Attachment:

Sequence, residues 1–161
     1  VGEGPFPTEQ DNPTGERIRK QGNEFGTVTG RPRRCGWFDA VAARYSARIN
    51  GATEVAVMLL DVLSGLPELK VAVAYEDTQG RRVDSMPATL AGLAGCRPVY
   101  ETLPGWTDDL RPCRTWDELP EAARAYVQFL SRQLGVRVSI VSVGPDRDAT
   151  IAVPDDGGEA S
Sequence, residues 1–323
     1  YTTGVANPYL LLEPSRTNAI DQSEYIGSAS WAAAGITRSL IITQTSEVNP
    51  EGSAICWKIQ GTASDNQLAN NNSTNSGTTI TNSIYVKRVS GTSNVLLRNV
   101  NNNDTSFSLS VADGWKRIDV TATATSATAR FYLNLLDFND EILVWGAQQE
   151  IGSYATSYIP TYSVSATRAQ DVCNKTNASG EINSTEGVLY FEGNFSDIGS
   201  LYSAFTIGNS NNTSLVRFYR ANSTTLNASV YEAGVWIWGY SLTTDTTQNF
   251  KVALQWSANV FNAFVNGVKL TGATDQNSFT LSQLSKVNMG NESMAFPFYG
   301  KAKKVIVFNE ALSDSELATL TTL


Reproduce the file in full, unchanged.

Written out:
Sequence, residues 1–161
     1  VGEGPFPTEQ DNPTGERIRK QGNEFGTVTG RPRRCGWFDA VAARYSARIN
    51  GATEVAVMLL DVLSGLPELK VAVAYEDTQG RRVDSMPATL AGLAGCRPVY
   101  ETLPGWTDDL RPCRTWDELP EAARAYVQFL SRQLGVRVSI VSVGPDRDAT
   151  IAVPDDGGEA S
Sequence, residues 1–323
     1  YTTGVANPYL LLEPSRTNAI DQSEYIGSAS WAAAGITRSL IITQTSEVNP
    51  EGSAICWKIQ GTASDNQLAN NNSTNSGTTI TNSIYVKRVS GTSNVLLRNV
   101  NNNDTSFSLS VADGWKRIDV TATATSATAR FYLNLLDFND EILVWGAQQE
   151  IGSYATSYIP TYSVSATRAQ DVCNKTNASG EINSTEGVLY FEGNFSDIGS
   201  LYSAFTIGNS NNTSLVRFYR ANSTTLNASV YEAGVWIWGY SLTTDTTQNF
   251  KVALQWSANV FNAFVNGVKL TGATDQNSFT LSQLSKVNMG NESMAFPFYG
   301  KAKKVIVFNE ALSDSELATL TTL